Other options at outside linebacker include senior Chris Baker (32 tackles) and sophomore Jake Geary (29 tackles, 5.0 for loss), two returning contributors who combined to split time in the starting lineup last fall. It’s too soon to say that each is out of the running for a starting role, but at worst, each is a valuable – and experienced – reserve off the bench. It’ll be the status quo in the middle: Jeremy Grove (122 tackles) at one spot and either Kyle Tudor (58 tackles) or Daniel Drake (74 tackles) at the other. These three took well to the new system, and it makes sense that each will be even more comfortable in the 3-4 by September. Grove in particular is an all-conference lock.

There’s a lot riding on junior Lee Pegues’ ability to play up to his potential as the new starter at end. I thought that Pegues was going to start last fall, when he added on weight to take on the challenge of being a 3-4 end, but he was a bit underwhelming – though not a disappointment, to be fair. A year and another 25 pounds later, Pegues is more than ready for the challenge. What E.C.U. needs from him in 2012 is anchor-like play against the run, as expected, but also a bit of disruption off the edge on passing downs. Pegues is joined at by junior Matt Milner (37 tackles), a returning starter, while senior Michael Brooks is back in his role at nose tackle.

While the defense took a step forward last fall, it’s only logical to wait for this group to prove itself once again before getting fully on board. There’s reason to be optimistic about the front seven, especially if Johnson can move seamlessly into his new role at linebacker – which I think he will – and Pegues can occupy Johnson’s shoes at end. The bigger issue is the secondary, which played well last fall but might rely heavily on two JUCO transfers. It’s way too early to say that both will struggle, of course, but it’s also too early to say that both will play at a high enough level to run with Conference USA’s best. For now, I’m taking a wait-and-see approach with this defense as a whole.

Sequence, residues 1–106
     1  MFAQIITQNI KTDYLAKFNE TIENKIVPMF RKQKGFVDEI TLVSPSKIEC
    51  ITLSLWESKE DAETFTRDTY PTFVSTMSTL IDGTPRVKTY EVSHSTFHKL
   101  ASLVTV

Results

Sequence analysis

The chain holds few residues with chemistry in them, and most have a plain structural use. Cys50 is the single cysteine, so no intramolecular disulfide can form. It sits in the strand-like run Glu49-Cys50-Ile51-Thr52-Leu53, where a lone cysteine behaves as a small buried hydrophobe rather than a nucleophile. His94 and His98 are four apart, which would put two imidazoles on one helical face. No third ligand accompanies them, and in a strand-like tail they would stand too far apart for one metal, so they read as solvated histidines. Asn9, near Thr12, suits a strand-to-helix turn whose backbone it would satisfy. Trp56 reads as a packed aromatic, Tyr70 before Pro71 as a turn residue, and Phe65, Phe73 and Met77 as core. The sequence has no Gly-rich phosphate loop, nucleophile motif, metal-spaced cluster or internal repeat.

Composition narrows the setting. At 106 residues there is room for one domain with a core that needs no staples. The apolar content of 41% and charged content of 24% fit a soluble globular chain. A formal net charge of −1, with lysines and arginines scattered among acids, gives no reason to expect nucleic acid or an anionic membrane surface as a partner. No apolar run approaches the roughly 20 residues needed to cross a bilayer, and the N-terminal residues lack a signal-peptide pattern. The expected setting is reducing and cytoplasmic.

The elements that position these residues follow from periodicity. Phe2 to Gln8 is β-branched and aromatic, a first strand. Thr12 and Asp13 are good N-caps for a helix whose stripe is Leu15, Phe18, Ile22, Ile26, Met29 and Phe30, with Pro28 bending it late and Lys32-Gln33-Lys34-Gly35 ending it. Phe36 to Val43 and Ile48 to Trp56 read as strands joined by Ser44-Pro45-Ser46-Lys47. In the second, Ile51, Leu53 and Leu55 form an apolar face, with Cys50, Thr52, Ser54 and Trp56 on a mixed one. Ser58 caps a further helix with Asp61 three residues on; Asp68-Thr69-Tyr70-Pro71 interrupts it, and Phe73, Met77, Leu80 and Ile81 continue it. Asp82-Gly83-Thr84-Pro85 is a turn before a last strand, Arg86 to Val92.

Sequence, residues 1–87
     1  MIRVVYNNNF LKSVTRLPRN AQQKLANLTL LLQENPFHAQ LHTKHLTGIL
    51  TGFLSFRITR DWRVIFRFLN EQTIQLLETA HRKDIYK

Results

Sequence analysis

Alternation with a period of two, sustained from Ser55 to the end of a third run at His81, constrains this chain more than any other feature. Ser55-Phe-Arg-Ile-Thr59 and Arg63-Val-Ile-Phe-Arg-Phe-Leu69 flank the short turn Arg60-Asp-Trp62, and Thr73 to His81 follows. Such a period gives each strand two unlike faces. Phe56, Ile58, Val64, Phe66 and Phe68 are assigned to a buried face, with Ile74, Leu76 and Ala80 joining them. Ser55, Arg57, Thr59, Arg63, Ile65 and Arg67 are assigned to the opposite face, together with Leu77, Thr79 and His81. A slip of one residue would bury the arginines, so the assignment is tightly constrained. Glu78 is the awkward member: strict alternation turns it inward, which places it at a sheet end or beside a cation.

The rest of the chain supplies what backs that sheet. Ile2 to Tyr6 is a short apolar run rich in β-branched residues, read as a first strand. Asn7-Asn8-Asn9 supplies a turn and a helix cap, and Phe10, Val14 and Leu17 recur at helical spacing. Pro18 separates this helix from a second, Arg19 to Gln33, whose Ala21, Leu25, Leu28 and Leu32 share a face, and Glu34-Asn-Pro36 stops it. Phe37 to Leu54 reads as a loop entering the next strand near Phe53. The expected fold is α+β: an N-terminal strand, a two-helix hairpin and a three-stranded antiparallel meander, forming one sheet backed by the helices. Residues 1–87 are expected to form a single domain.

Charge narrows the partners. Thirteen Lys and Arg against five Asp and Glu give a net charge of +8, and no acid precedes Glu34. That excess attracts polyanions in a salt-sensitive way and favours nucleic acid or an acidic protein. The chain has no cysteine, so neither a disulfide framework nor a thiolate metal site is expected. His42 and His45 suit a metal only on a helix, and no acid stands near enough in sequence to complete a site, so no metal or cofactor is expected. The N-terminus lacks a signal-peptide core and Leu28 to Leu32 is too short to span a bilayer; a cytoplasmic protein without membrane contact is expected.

Position battle(s) to watch

Quarterback E.C.U. is in a slightly enviable situation as it looks to replace Dominique Davis, the former Boston College transfer who set a handful of school records over his two seasons with the program. The Pirates and offensive coordinator Lincoln Riley — like his mentor, Mike Leach, he knows something about quarterback play — are running a four-man quarterback competition. When a team opens a position up to such competition, the cream often rises to the top. In short, increased competition typically brings out of the best from each contender — and if one or two can’t keep up, a coaching staff can simply begin trimming the fat.

You’ve become used to hearing one thing from a head coach and believing another, but I think that McNeill and Riley are on point: E.C.U. might not be entertaining all four options, but I do think that this is a realistic three-quarterback battle. The one player that seems a bit out of the competition is senior Brad Wornick, a former walk-on. But the three still very much neck-and-neck are junior Rio Johnson, sophomore Shane Carden and redshirt freshman Cody Keith. The winner gets to drive one of the most quarterback-friendly systems in college football.